Life Manifesto – From the View of an Atheist Parent Part IV

Part I,  Part II and Part III

I FOSTER AN APPRECIATION FOR FOOD     Eating is more than supplying the body with fuel.  It is a ceremony to be shared, and the preparation of food is an art form.   Learn and appreciate the cuisine of other cultures. Eat mindfully and be aware of the chain that supplied your meal.

I UNDERSTAND MY HEALTH IS MY RESPONSIBILITY     Take care of your body.  Balance your calories with your activity level.  Attack weight gain with exercise and understand it’s easier to never put fat on than it is to have to lose it. Eat well and varied, exercise vigorously and always get enough sleep.  Rest when you need to and sweat when you can.  Be comfortable in your skin. Know yourself. Trust science, not salesmen, for treatments for illness.  Realize some activities are not worth the risk to your health and physical well being. Don’t smoke, have unprotected sex, or use dangerous drugs and never drink and drive.

I CONSIDER SEX AS MORE THAN PROCREATION     Sexuality is a gift–first and foremost to yourself .  It is your personal, private responsibility to know yourself. Sharing sex should be a conscious decision and it should be made willingly, happily, respectfully and consensually.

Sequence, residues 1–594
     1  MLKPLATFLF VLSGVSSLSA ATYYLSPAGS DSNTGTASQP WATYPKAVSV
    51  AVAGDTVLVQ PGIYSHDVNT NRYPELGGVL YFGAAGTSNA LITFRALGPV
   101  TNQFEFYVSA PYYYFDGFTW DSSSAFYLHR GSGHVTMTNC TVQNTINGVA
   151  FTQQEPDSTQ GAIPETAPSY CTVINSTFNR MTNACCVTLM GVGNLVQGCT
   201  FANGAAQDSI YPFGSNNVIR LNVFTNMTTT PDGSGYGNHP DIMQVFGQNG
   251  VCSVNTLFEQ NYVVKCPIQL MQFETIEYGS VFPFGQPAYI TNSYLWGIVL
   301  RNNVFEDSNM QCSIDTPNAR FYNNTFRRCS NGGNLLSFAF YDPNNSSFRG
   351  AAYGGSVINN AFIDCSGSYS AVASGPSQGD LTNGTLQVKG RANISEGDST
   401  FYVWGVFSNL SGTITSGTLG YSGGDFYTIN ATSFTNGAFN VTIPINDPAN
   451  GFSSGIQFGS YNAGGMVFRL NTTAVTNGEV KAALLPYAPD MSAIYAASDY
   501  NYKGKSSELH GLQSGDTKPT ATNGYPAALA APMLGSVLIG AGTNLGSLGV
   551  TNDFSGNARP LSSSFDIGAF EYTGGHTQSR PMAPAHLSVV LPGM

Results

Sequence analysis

I BELIEVE IN THIS ONE, SINGLE, BRIEF LIFE     Wring out every single second.  Be conscious. Love deeply and live with passion. Experience this life fully, so when the light darkens forever, your last breath comes in peace.

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About Brick Window

A mother and an atheist--Just trying to do the best I can in a suburb full of believers.
This entry was posted in Morality, My Manifesto. Bookmark the permalink.

2 Responses to Life Manifesto – From the View of an Atheist Parent Part IV

  1. Jay Walker says:

    I wish more people understood the simple math that governs trying to maintain a healthy weight: calories in – calories burned = weight change.

    You already know some of my feelings about sex and sexuality. I love that you say “Sharing sex”. People seem to forget that it is a shared activity and and shared responsibility.

    Your last point is the most important of all. People waste so much of their lives avoiding happiness and pleasure because of vague promises of happiness in an afterlife. To me, the true horror of death isn’t that we die, but it is that so many die having never allowed themselves the happiness that could have been theirs because of a belief in a life after this that doesn’t exist.

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